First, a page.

Mr. Gardiner felt he deserved the luxury of spending the afternoon reading the book on fishing he had purchased during their visit to Oxford. He had been trying to finish it for days. He had started it in Lambton, but was interrupted by the urgent need to return to London. There had been no time to read on that chaotic journey, especially since all his energies had been devoted to consoling Elizabeth as best he could. When he finally reached London, he had to find Mr. Bennet’s hotel; and once he had discovered his brother-in-law and brought him back to Gracechurch Street, there was no peace to be had. Mr. Bennet’s disturbance of mind was evident.
He was fond of his brother-in-law, but on occasion Mr. Gardiner found Mr. Bennet’s directionless behavior exasperating. By God, he did not intend to allow his own daughters to run wild simply because it was too much trouble to rein them in! For the last few days, Mr. Bennet had required his constant guidance in the search for Lydia. Although he would never have admitted it to anyone, Mr. Gardiner was glad to see Mr. Bennet depart.
He looked forward to seeing his dear wife and children again that evening, but he knew that their arrival would bring a happy chaos with it that would preclude time to himself. That was why he intended to make the most of this quiet time at home.
Mr. Gardiner had not even finished one chapter when he heard a sharp knock at the door. A minute later, his manservant appeared and handed him a calling card. Mr. Gardiner’s eyebrows shot up when he read the name on it.
Why in the world would Mr. Darcy be calling on him here? Not only was their acquaintance slight, but Darcy was supposed to be at Pemberley, a full two days journey away. Mr. Gardiner chuckled to himself. Lizzy had been sly indeed! Apparently she and Darcy had far more of an understanding than she had admitted. But that still did not explain Darcy’s appearance on his doorstep. Well, most likely he was in search of news of Lizzy, and did not want to interrupt the household at Longbourn during this crisis. That was fair enough. Mr. Gardiner instructed the servant to send Mr. Darcy in.
Mr. Darcy’s face was marked with lines of tension, but he shook Mr. Gardiner’s hand and exchanged cordial greetings. He did not hesitate in turning immediately to his business. “You have no doubt guessed that I am here to discuss your niece’s situation.”
“Well, that is good news! It is unfortunate you were not here yesterday, as Lizzy’s father was still in town then.” So Darcy must be on the verge of making an offer – good news indeed!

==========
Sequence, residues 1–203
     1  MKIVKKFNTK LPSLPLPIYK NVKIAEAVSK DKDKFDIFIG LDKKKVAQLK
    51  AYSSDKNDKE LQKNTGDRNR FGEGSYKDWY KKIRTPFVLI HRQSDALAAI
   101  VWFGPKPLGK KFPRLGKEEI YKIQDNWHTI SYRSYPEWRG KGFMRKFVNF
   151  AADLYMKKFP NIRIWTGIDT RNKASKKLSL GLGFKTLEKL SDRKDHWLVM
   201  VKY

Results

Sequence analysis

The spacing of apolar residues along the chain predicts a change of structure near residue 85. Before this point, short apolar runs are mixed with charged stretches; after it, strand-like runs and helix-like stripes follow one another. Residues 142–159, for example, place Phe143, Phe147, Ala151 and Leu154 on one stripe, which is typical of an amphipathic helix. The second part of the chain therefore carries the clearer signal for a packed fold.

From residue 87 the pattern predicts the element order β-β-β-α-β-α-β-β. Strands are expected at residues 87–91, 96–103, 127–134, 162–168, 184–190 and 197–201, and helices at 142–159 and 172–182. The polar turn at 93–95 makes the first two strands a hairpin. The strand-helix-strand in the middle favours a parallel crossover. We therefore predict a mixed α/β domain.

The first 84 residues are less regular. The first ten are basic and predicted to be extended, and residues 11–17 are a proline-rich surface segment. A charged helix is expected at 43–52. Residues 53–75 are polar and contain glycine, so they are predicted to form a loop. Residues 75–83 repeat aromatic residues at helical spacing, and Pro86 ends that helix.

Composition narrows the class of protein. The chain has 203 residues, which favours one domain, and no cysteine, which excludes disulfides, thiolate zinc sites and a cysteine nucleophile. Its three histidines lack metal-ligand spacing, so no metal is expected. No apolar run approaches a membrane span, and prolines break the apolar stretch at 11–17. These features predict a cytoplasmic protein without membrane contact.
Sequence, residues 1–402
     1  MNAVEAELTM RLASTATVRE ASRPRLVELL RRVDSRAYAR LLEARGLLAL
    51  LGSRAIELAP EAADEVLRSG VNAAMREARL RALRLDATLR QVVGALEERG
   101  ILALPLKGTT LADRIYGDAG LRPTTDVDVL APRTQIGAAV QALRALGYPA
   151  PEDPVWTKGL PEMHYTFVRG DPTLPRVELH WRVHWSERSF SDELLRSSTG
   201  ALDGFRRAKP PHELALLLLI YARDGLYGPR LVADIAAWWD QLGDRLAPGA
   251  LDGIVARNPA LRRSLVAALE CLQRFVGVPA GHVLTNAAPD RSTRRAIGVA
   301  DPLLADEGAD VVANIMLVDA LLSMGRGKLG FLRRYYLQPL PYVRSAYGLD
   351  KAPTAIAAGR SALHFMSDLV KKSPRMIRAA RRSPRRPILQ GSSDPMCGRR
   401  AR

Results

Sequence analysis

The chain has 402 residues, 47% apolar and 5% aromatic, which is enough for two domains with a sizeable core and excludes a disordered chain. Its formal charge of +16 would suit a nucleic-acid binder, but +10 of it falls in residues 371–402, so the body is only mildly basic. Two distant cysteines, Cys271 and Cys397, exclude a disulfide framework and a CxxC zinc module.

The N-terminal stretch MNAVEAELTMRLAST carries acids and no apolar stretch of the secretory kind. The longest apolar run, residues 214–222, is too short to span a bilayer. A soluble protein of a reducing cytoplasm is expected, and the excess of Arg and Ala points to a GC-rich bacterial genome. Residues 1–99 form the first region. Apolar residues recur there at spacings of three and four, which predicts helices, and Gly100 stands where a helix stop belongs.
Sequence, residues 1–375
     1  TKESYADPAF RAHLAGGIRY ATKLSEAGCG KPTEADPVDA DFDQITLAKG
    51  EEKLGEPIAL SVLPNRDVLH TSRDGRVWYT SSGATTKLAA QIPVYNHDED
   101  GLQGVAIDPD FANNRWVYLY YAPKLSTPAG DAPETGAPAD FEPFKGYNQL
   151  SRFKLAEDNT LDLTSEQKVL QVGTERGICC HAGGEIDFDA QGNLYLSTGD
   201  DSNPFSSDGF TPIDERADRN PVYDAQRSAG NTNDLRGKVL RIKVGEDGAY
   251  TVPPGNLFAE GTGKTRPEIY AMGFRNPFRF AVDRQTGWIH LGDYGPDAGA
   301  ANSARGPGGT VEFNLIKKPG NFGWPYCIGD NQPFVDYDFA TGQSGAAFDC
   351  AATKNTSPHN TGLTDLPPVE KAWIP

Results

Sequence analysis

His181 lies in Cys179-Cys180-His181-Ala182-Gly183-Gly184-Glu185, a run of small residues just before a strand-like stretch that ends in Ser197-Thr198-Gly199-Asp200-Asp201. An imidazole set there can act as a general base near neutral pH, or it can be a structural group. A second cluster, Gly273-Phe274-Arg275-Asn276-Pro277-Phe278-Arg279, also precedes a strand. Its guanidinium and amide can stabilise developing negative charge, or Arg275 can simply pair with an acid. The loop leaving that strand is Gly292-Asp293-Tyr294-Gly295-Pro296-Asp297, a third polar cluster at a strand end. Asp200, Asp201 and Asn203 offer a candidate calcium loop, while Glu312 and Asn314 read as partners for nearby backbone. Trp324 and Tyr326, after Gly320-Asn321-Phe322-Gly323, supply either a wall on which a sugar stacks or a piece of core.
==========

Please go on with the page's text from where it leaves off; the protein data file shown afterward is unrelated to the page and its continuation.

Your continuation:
The corners of Mr. Darcy’s lips turned down and his brows drew together, then his expression cleared with understanding. “My apologies, sir; I should have been more precise. I am here regarding your niece Miss Lydia.”
Now it was Mr. Gardiner’s turn to be surprised. “I was not aware you had a particular connection to Lydia,” he said cautiously.
“I do not. My connection – my unfortunate connection – is to Mr. Wickham. I feel some responsibility for failing to prevent the current situation, and having some knowledge of Wickham’s confidantes, I felt I was in a good position to discover his present location.”
“I will certainly be grateful for any information you can share with me. Our searches have been fruitless to date.”
“I can do somewhat better than that, sir. I have already discovered them, and I believe the resolution is near to hand.”
Stunned, Mr. Gardiner pushed himself half-way out of his chair. “You have seen them? Is Lydia well?”
Darcy hesitated. “Miss Lydia is in good health, but I am sorry to say that I was unable to persuade her to leave her present situation, even when I offered to assist her in returning her to her friends. She is absolutely resolved on remaining where she is, expecting they will be wed sooner or later. Under the circumstances, I felt my only option was to secure a marriage between them.
“Is Mr. Wickham agreeable to that?”
“He admitted marriage was not his design, but he has some very pressing debts of honor, and was therefore open to negotiation. He wanted more than he could get, of course, but in time we came to an agreement. He is now prepared to marry Miss Lydia, provided that certain conditions are met.”
That was fast work indeed! Mr. Gardiner wondered just how expensive those conditions were. “Of course, the question is how to present this matter to her father. He is hardly likely to believe Wickham is is marrying Miss Lydia for nothing more than her charms and her slight dowry.”
“Indeed.” Darcy looked out the window for a moment, as if gathering his courage. “This matter is my responsibility, and as such I will bear the financial burden. However, I would prefer that none of the Bennets be aware of my part in this.”
Mr. Gardiner could not quite repress a smile at this. A secret from all the Bennets? Hardly likely; it was obvious that Lizzy must be party to this whole manner, since it was utterly ridiculous to think that Darcy had any responsibility of his own in this matter, regardless of what he might say. Still, if Darcy wished to pretend that it had nothing to do with Lizzy, that was his business. Clearly he would soon enough be a member of the family, and it would no longer matter. He could hardly wait to tell his wife!
But he only said, “Mr. Bennet is not a fool, and he has his pride. You would perhaps do better to allow him to pay some small part of what is required, allowing him to believe it to be the entire amount.”
The corners of Darcy’s mouth turned up in a slight smile. “Then perhaps we should discuss the details.”